McCloughan spent his childhood in Bangor, Michigan, where his parents moved to take over a family farm. It was there that he found his passion for sports and music. The consummate athlete, McCloughan was a four-sport varsity athlete at Bangor High School and went on to wrestle, play football and baseball at Olivet College. After earning a Bachelor of Arts in sociology and a teaching certificate in 1968, McCloughan accepted a teaching and coaching position with South Haven Public Schools in Michigan. Three months later, McCloughan was drafted into the Army at the age of 22.
McCloughan reported to basic training in September 1968 at Fort Knox, Kentucky. His training in athletics and coaching gave him a foundational knowledge of sports medicine, and his leaders took notice. Two months after arriving at basic training, he was assigned to Fort Sam Houston, Texas, to complete advanced training as a medical specialist. On his last day of training, McCloughan received deployment orders to Vietnam. He was assigned as a combat medic with Company C, 3rd Battalion, 21st Infantry Regiment, 196th Light Infantry Brigade, Americal Division. His Vietnam tour was from March 1969 to March 1970.
The company air assaulted into an area near Tam Ky and Nui Yon Hill. On 13 May, with complete disregard for his life, he ran 100 meters in an open field through heavy fire to rescue a comrade too injured to move and carried him to safety. That same day, 2nd Platoon was ordered to search the area near Nui Yon Hill when the platoon was ambushed by a large North Vietnamese Army force and sustained heavy casualties. With complete disregard for his life and personal safety, Private First Class McCloughan led two Americans into the safety of a trench while being wounded by shrapnel from a rocket-propelled grenade. He ignored a direct order to stay back, and braved an enemy assault while moving into the “kill zone” on four more occasions to extract wounded comrades. He treated the injured, prepared the evacuation, and though bleeding heavily from shrapnel wounds on his head and entire body, refused evacuation to safety in order to remain at the battle site with his fellow soldiers who were heavily outnumbered by the North Vietnamese Army forces.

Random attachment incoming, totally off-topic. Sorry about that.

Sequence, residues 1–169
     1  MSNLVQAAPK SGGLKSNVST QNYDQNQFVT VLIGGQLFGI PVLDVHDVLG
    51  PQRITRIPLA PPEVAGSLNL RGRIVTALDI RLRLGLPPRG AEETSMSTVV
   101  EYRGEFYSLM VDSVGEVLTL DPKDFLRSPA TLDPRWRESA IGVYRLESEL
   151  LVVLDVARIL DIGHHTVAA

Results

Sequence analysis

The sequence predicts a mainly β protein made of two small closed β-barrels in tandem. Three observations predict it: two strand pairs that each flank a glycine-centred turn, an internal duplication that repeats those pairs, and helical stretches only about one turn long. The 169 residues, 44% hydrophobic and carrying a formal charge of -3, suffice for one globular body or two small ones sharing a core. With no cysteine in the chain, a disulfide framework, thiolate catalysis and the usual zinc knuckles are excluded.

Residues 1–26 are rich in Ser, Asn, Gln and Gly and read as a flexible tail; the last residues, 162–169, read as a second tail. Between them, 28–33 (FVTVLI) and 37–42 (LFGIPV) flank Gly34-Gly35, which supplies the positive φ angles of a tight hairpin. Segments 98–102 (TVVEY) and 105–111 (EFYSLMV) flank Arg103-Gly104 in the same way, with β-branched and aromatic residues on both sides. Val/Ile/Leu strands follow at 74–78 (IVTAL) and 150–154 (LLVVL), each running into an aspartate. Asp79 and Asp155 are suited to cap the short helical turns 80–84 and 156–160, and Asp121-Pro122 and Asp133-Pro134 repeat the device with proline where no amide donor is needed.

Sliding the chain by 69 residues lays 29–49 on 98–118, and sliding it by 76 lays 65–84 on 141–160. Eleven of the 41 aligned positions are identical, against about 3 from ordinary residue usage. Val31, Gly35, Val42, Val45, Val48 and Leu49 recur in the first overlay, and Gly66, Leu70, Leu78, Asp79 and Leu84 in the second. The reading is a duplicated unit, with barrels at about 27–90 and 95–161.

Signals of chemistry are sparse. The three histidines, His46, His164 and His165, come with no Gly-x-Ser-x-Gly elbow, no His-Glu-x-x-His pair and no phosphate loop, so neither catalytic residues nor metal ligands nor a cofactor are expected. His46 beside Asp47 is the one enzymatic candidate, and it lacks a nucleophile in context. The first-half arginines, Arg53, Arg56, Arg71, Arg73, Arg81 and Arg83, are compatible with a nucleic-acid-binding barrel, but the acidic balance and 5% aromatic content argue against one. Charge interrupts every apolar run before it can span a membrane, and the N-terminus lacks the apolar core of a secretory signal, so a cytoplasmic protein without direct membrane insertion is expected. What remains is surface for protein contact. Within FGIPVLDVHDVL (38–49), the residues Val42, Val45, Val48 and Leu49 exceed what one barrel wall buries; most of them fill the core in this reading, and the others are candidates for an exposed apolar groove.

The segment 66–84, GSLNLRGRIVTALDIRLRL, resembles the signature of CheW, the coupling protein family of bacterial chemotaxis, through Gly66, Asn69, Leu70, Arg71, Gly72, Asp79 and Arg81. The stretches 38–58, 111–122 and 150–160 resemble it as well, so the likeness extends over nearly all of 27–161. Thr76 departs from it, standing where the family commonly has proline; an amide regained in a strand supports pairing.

On 14 May, the platoon was again ordered to move out towards Nui Yon Hill. Private First Class McCloughan was wounded a second time by small arms fire and shrapnel from a rocket-propelled grenade while rendering aid to two soldiers in an open rice paddy. In the final phases of the attack, two companies from 2nd North Vietnamese Army Division and an element of 700 soldiers from a Viet Cong regiment descended upon Charlie Company’s position on three sides. Private First Class McCloughan, again with complete disregard for his life, went into the crossfire numerous times throughout the battle to extract the wounded soldiers, while also fighting the enemy. His relentless and courageous actions inspired and motivated his comrades to fight for their survival. When supplies ran low, Private First Class McCloughan volunteered to hold a blinking strobe light in an open area as a marker for a nighttime re-supply drop. He remained steadfast while bullets landed all around him and rocket-propelled grenades flew over his prone, exposed body. During the morning darkness of 15 May, Private First Class McCloughan knocked out a rocket-propelled grenade position with a grenade, fought and eliminated enemy soldiers, treated numerous casualties, kept two critically-wounded soldiers alive through the night, and organized the dead and wounded for evacuation at daylight. His timely and courageous actions were instrumental in saving the lives of his fellow soldiers. Private First Class McCloughan’s personal heroism, professional competence, and devotion to duty are in keeping with the highest traditions of the military service and reflect great credit upon himself, the Americal Division, and the United States Army.
We honor you, James McCloughan.